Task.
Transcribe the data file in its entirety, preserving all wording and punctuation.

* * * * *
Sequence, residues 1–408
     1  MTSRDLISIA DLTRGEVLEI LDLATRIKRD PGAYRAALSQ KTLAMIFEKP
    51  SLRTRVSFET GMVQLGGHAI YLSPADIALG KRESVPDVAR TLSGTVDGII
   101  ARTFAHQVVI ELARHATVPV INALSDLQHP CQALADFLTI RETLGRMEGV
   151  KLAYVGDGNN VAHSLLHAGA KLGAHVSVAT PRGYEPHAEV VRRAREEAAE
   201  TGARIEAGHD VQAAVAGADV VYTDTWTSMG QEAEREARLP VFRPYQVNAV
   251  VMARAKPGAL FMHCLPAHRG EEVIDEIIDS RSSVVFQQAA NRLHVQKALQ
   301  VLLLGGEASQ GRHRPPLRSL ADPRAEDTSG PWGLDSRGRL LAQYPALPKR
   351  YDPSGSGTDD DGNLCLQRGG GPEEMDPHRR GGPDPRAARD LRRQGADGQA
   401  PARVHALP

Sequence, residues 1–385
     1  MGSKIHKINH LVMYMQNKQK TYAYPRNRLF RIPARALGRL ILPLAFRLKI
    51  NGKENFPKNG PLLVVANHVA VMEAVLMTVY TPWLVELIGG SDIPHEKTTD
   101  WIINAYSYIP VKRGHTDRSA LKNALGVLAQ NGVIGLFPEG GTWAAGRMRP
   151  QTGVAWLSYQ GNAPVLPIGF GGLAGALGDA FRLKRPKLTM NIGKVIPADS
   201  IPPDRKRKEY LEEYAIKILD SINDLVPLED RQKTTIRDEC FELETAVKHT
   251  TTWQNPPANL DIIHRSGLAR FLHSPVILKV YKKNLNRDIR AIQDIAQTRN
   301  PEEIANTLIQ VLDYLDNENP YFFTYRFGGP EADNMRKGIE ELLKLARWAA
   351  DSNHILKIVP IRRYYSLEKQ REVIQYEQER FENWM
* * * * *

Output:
Sequence, residues 1–408
     1  MTSRDLISIA DLTRGEVLEI LDLATRIKRD PGAYRAALSQ KTLAMIFEKP
    51  SLRTRVSFET GMVQLGGHAI YLSPADIALG KRESVPDVAR TLSGTVDGII
   101  ARTFAHQVVI ELARHATVPV INALSDLQHP CQALADFLTI RETLGRMEGV
   151  KLAYVGDGNN VAHSLLHAGA KLGAHVSVAT PRGYEPHAEV VRRAREEAAE
   201  TGARIEAGHD VQAAVAGADV VYTDTWTSMG QEAEREARLP VFRPYQVNAV
   251  VMARAKPGAL FMHCLPAHRG EEVIDEIIDS RSSVVFQQAA NRLHVQKALQ
   301  VLLLGGEASQ GRHRPPLRSL ADPRAEDTSG PWGLDSRGRL LAQYPALPKR
   351  YDPSGSGTDD DGNLCLQRGG GPEEMDPHRR GGPDPRAARD LRRQGADGQA
   401  PARVHALP

Sequence, residues 1–385
     1  MGSKIHKINH LVMYMQNKQK TYAYPRNRLF RIPARALGRL ILPLAFRLKI
    51  NGKENFPKNG PLLVVANHVA VMEAVLMTVY TPWLVELIGG SDIPHEKTTD
   101  WIINAYSYIP VKRGHTDRSA LKNALGVLAQ NGVIGLFPEG GTWAAGRMRP
   151  QTGVAWLSYQ GNAPVLPIGF GGLAGALGDA FRLKRPKLTM NIGKVIPADS
   201  IPPDRKRKEY LEEYAIKILD SINDLVPLED RQKTTIRDEC FELETAVKHT
   251  TTWQNPPANL DIIHRSGLAR FLHSPVILKV YKKNLNRDIR AIQDIAQTRN
   301  PEEIANTLIQ VLDYLDNENP YFFTYRFGGP EADNMRKGIE ELLKLARWAA
   351  DSNHILKIVP IRRYYSLEKQ REVIQYEQER FENWM